Drunk logic: Targeting drug abusers won’t ease the NHS’s woes

 

Share

The idea of charging NHS patients who abuse the system has a superficial appeal. Edwin Poots, Northern Ireland health minister, has suggested issuing drunks who end up in the province’s already overburdened accident and emergency departments with a bill for the cost of their care.

It is easy to understand his frustration when A&E departments are besieged, targets have been missed and delays may have contributed to deaths. Mr Poots has had to find extra cash to tackle the long waits.

Targeting drunks and drug users would deter excessive consumption, ease the pressure on the health service and secure payment from those whose need for treatment is self-inflicted. Why should the NHS pay to patch up people whose sickness or injury is caused by their own irresponsible behaviour?

Superficially appealing maybe. “The principle [of charging] has merit,” Mr Poots said. But how would doctors and nurses decide who was to be charged? And how are we to define “irresponsible” behaviour? An injury suffered on the sports field might be deemed self-inflicted – but so too might the illness  suffered by the spectator who spends too long on the TV couch.

Obesity, pregnancy, sexually transmitted infections, various cancers (from smoking or lying in the sun) might also qualify as self-inflicted. And aren’t most injuries the result of some degree of carelessness for which the injured parties are often themselves to blame?

Charging drunks for treatment at A&E would be a stalking horse for charging the sober – an illustration of ministers’ desperation to find new sources of funding to sustain the tottering health service. It would raise little in the way of funds, sow discord among medics and patients and undermine the principle of an NHS free to its users.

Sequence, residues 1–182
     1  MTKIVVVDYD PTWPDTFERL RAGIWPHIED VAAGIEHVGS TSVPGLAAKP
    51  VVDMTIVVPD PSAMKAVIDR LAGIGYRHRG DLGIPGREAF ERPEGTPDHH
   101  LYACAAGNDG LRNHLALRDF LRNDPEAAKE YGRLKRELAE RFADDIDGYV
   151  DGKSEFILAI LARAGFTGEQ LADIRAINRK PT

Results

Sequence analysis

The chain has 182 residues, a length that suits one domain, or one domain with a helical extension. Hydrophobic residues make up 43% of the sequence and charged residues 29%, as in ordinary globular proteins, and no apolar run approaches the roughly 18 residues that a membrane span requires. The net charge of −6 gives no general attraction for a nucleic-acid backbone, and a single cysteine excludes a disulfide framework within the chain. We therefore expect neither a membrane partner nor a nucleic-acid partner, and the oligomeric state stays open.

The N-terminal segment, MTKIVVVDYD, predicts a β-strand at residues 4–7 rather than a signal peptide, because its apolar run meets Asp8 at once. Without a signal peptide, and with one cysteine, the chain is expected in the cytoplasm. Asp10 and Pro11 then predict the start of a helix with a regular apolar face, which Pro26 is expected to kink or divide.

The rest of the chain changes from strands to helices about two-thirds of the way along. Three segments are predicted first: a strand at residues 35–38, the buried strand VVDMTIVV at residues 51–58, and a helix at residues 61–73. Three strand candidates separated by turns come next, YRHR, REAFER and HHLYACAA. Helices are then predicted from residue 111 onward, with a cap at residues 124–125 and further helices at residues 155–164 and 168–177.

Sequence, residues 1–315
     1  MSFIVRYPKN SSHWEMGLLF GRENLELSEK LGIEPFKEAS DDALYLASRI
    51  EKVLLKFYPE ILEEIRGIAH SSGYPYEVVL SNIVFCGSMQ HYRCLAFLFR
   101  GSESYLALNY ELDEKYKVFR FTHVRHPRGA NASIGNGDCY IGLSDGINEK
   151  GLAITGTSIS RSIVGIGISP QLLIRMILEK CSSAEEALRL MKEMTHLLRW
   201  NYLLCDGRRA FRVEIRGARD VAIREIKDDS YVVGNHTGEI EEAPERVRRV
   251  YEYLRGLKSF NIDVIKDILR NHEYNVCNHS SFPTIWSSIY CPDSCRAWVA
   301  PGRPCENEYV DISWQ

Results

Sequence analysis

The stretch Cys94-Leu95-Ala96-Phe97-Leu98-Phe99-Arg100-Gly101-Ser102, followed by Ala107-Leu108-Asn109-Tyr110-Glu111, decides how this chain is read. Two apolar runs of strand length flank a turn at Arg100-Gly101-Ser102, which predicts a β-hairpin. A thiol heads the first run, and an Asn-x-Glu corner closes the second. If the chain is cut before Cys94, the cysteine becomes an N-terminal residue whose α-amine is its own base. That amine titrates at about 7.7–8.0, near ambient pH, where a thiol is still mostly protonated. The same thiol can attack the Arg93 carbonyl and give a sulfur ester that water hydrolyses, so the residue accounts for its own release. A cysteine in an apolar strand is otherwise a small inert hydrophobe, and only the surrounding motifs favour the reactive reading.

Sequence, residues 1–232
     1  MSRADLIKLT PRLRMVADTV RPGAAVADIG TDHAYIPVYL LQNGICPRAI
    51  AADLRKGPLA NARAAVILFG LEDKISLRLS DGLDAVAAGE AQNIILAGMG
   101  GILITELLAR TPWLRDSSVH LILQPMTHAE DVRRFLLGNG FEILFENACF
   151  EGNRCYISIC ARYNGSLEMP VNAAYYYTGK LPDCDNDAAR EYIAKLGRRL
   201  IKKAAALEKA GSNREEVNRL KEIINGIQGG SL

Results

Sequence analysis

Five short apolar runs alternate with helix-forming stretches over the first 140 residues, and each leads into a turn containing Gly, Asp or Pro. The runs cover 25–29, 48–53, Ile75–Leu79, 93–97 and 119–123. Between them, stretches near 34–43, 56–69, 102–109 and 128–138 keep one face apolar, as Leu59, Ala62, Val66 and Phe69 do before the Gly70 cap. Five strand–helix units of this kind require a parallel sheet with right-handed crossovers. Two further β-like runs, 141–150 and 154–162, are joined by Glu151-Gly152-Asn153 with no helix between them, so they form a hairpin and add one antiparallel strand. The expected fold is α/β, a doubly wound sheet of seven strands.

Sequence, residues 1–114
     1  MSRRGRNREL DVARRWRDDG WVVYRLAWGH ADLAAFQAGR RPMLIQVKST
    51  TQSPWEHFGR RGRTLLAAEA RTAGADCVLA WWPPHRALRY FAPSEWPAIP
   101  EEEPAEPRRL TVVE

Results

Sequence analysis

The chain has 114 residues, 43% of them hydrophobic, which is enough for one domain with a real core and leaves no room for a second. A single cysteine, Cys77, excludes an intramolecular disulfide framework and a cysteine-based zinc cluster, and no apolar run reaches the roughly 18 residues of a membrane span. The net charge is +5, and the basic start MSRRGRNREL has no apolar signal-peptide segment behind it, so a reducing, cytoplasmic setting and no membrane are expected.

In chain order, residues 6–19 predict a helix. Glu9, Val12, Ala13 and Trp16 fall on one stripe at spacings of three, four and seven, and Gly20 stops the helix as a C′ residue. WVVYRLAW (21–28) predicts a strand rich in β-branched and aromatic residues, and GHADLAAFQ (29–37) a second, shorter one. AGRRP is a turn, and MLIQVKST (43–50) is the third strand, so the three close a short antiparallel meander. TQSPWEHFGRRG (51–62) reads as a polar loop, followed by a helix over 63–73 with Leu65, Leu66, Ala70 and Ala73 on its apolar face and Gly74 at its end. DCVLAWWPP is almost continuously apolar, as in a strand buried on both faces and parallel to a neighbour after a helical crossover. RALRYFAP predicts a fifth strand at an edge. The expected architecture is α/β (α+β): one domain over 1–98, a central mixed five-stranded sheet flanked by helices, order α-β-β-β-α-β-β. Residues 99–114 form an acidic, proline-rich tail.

There are better ways to deter excessive drinking – health warnings on cans and bottles of alcohol were recommended yesterday by an all-party group of MPs – and better ways to raise cash for the NHS. Tax increases, not charges, are the painful but necessary way ahead.

React Now

Latest stories from i100
iJobs Job Widget
iJobs General

Recruitment Genius: Digital Account Manager - OTE £40,000

£25000 - £40000 per annum: Recruitment Genius: This web-based lead generation ...

Tradewind Recruitment: Intervention Teacher Required To Start ASAP.

£125 - £150 per day + Negotiable: Tradewind Recruitment: A 'wonderful primary ...

Tradewind Recruitment: Maths Teacher

£90 - £140 per day: Tradewind Recruitment: Our client is an 11-16 mixed commun...

Recruitment Genius: PHP / Drupal / SaaS Developer

£32000 - £36000 per annum: Recruitment Genius: A rapidly developing company in...

Day In a Page

Read Next
Benedict Cumberbatch attends a special screening of his latest film The Imitation Game  

Benedict Cumberbatch race row: What's the actual difference between 'coloured' and 'person of colour'?

Matthew Norman
Pressure is growing on Chris Grayling to abandon the Government bid to advise Saudi Arabia on running its prisons (Getty)